Charity Knight: Oil Prices Back Above $100 a Barrel — Is It a New Dawn for Green Cars?

Oil export sanctions on Iran, in response to its nuclear program and its association to extreme conflict zone Syria, has caused the price of a barrel of oil to reach a global maximum of $102. Although lower than January prices ($113), will this change consumer automotive trends to greener government backed vehicles?

Unfortunately this threat to Iran’s economic structure, due to its decreasing petroleum export industry, does not seem to worry Iran. President Ahmadinejad said that it was not something that Iran will notice, let alone worry about, for another two to three years.

However, we need to think of how this oil embargo will affect us. Will this herald the long awaited surge in the development of environmentally friendly cars? 

The move to ‘greener’ cars has been progressing due to the wider availability of mass production vehicles, such as Toyota’s Prius and Honda’s Civic Hybrid. The continued economic situation and the constant threat of an increase of gas prices is encouraging consumers away from gas-guzzling cars and into the lap of cost efficiency. This is further boosted by lower insurance and tax costs in a rising market, represented in the best sales record of the Prius for 12 years in the U.S., according to the Chicago Tribune.

The main threat to greener vehicles may be that old technology is showing remarkable resilience. Gas-fueled internal combustion engines are less friendly on the environment, but they keep getting more and more efficient. Not only that, the automotive industry continues discovering that consumers aren’t close to giving them up.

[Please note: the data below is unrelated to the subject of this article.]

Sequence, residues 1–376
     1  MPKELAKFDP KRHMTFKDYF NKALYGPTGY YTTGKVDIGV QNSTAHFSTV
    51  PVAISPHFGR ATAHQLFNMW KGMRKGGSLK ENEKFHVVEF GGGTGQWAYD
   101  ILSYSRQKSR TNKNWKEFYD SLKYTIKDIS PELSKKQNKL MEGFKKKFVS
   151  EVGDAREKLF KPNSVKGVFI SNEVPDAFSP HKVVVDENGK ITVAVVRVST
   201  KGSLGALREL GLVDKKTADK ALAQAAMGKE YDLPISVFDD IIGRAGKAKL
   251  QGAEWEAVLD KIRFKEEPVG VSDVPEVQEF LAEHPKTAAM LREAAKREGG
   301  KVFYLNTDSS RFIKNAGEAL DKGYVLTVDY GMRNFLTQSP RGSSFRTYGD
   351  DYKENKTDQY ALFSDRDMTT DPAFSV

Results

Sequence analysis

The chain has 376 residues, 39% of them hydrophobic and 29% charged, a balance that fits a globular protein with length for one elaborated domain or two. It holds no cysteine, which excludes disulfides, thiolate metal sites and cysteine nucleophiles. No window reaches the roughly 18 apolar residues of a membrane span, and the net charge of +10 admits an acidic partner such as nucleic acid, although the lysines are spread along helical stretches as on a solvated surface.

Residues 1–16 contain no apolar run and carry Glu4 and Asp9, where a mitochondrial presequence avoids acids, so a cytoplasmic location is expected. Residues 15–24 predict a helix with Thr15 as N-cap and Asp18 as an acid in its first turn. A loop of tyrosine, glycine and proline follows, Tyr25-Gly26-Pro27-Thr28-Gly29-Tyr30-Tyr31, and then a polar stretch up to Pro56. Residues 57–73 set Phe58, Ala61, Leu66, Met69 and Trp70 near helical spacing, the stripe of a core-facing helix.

While the Chevrolet Volt, an electric car, was America’s car of the year in 2011, only 8,000 were sold in its first year. In a total market of 12.3 million vehicles it hardly registers on the sales statistics. 

The UK government has promised approximately $484 million (£300 million) for the “plug-in car grant,” an incentive of $7700 (£5,000) per customer, but prices of these cars remain stubbornly high in the UK with the Nissan Leaf costing $40,335 (£25,500) even after the grant has been deducted. 

This however, does not seem to deter car manufacturers. Honda has just announced the arrival of three new hybrid models into the Chinese market matched with Citroen’s latest campaign with the new, sporty and seductive DS5. Renault has shown that e-mobility technology shall continue with the introduction of the tiny Twizy, a vehicle similar in size and shape to an off road quad bike (although with triple the price tag).

Steven Chu, the U.S. Energy Secretary, speaking at last year’s Detroit Motor Show, is hopeful that changes will occur, commenting: “Do I think electric vehicles 10 years from today will be major part of the market? Yes, because the battery costs and the electric motor costs will be dropping.” 

As ever, things never move as fast as we want or need, most especially when it comes to changing the world to a place that cares more about saving the planet through decreasing its emissions.  

The price of oil may go up and down but it will always move faster than people change cars, or their beliefs. A sustained high oil price may increase people’s enthusiasm for saving money at the petrol pump, but it will do little for profits in the automotive industry where the necessary technology needs to be developed for a greener future.

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